Back when the guides were being written, touring the engineering marvel of the dams on the other side of the mountains and the rugged beauty of the Cascades was one of Seattle’s great escapes, especially the quarter-mile drive over the 389-foot Diablo Dam, where “plans are in progress to add Japanese flowering cherries, pink dogwood, lilacs, clematis, wisteria, rhododendrons and azaleas to the landscaping on the cliffs,” the guide says.

Tours are still offered, though the message now is to preserve wilderness, not decorate it. To get to the dams back in 1941, you would have gone through the town of Concrete, one of the last major stops before the pavement ended. A cloudy counterpoint to Winthrop on the east side, Concrete earned its name.

“The three stacks of the plant rise against billowing clouds of cement dust and smoke,” the old guidebook says, “and in the dry season the powder-gray dust covers houses, trees and shrubbery for miles around.”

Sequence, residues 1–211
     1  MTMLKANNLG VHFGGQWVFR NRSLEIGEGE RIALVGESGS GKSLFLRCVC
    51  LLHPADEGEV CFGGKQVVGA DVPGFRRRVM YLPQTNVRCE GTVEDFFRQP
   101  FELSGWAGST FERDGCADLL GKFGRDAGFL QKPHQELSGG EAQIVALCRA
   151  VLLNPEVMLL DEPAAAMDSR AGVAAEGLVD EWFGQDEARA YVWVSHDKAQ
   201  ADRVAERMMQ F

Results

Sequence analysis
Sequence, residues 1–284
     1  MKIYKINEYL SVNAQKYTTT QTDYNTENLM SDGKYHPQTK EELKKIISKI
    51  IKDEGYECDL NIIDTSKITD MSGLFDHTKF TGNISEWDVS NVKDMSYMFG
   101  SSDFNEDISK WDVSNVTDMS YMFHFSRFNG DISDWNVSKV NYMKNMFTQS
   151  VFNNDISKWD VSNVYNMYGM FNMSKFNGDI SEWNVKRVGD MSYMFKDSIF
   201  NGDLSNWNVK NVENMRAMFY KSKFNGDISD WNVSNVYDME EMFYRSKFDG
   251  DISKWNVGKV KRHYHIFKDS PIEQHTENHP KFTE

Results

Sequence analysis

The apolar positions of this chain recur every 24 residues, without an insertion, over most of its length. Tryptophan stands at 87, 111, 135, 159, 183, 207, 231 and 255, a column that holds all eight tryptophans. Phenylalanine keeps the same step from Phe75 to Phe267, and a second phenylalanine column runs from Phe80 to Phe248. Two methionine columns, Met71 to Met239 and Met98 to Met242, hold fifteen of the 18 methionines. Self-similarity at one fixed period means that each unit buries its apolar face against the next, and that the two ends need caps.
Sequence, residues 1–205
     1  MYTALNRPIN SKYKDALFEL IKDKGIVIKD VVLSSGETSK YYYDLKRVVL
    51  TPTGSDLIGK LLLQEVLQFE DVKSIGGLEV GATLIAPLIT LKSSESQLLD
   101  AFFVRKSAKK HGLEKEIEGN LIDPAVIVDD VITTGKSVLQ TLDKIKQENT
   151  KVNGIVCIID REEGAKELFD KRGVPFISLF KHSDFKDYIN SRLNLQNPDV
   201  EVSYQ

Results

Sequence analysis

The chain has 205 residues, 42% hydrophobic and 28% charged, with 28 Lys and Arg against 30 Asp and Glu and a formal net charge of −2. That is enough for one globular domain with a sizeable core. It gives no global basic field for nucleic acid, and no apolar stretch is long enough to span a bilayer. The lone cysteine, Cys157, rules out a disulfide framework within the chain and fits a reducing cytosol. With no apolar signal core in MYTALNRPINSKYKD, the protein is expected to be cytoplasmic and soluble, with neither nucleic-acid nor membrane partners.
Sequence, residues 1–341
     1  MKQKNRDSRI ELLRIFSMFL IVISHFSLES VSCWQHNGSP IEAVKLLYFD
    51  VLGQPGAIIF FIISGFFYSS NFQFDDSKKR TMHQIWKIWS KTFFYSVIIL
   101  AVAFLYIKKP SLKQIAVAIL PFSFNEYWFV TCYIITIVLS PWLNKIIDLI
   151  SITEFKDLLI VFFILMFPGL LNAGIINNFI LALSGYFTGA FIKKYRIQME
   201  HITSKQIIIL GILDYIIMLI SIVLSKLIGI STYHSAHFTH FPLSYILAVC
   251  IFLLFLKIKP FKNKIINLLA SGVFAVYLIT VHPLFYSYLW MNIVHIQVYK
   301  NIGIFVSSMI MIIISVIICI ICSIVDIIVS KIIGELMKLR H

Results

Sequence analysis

An old federal guide once described Winthrop, Wash., as the town at the "end of hard surfacing." Much has changed since the completion of Route 20.

In the 1960s, before the highway was completed, the concrete plants shut down, but the giant silos still dominate the landscape. Concrete had a bit more than 800 people when the guidebook was published. The number has declined slightly, with no new industry to help it grow. Clear days, when Sauk Mountain reveals its snowy summit, are few. The steady gray, including about 70 inches of annual precipitation, has not made it a second-home hot spot.

While Winthrop apes Western roughness, Concrete cannot escape it. Some of the old silos now stand at the center of Silo Park, where kids skateboard amid the ruins.

“I hate that thing — it’s so ugly,” said Scott Forrester, 17, taking flight from a ramp after classes on the last day of school.